A Library Journal Best Book of 2014
A winning combination of both intricate plotting and nostalgic post-WWI English country setting, Frances Brody's A Woman Unknown will appeal to fans of both classic murder mysteries in the vein of Agatha Christie as well as readers of historical mystery series set in 1920s England, two popular subgenres.
The Woman Unknown: Deirdre Fitzpatrick is married to a man who wants to know where she really goes when supposedly taking care of her sick mother and calls on the expertise of Kate Shackleton, amateur sleuth extraordinaire to investigate.
The Gentleman: Everett Runcie is a banker facing ruin and disgrace. His American heiress wife will no longer pay for his mistakes, or tolerate his infidelity, and is seeking a divorce.
The Murder: When a chambermaid enters Runcie's hotel room, she is shocked to find that he is alone - and dead! Suddenly Kate is thrown into the depths of an altogether more sinister investigation. Can she uncover the truth of her most complex, and personal, case to date?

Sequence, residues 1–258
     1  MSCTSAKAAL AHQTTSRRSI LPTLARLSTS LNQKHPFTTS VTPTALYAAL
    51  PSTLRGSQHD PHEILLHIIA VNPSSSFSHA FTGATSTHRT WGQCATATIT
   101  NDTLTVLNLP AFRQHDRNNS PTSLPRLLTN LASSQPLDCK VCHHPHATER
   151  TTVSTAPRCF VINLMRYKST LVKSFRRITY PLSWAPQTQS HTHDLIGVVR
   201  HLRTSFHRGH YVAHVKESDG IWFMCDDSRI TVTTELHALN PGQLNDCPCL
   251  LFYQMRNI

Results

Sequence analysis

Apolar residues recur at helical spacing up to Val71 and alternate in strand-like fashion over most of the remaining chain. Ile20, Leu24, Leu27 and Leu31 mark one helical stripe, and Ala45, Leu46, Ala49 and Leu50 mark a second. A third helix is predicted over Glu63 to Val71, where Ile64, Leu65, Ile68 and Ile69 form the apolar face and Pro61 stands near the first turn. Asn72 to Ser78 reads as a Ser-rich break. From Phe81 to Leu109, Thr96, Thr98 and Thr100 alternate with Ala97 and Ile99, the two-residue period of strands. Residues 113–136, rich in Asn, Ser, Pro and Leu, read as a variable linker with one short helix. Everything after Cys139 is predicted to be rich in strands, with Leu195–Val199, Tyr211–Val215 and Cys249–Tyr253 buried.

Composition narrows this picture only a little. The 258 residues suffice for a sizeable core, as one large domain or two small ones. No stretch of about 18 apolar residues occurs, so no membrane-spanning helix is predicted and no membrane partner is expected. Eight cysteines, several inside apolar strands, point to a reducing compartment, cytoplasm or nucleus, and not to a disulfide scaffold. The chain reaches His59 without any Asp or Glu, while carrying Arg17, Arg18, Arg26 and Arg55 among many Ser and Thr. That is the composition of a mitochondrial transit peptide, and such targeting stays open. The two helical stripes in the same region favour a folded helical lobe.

Set in England in 1923, Brody's fabulous fourth Kate Shackleton mystery (after 2014's Murder in the Afternoon) finds the savvy PI trying to help a distraught husband, Cyril Fitzpatrick, locate his wife, who has a habit of disappearing for days at a time. Meanwhile, Kate is shocked to discover that banker Everett Runcie, who was seeking a divorce from his wife, has been found dead in his room at the Hotel Metropole in Leeds. The two threads turn out to be ingeniously related. Humming underneath the main story line is Kate's continued mourning for her husband, who went missing in WWI. Such details as cloche hats, Yorkshire pudding, and "grand country houses" provide period flavor, while more serious historical matters, such as cultural attitudes toward divorce and adultery, prove germane to the plot. Snappy dialogue and a cast of well-developed minor characters are a plus.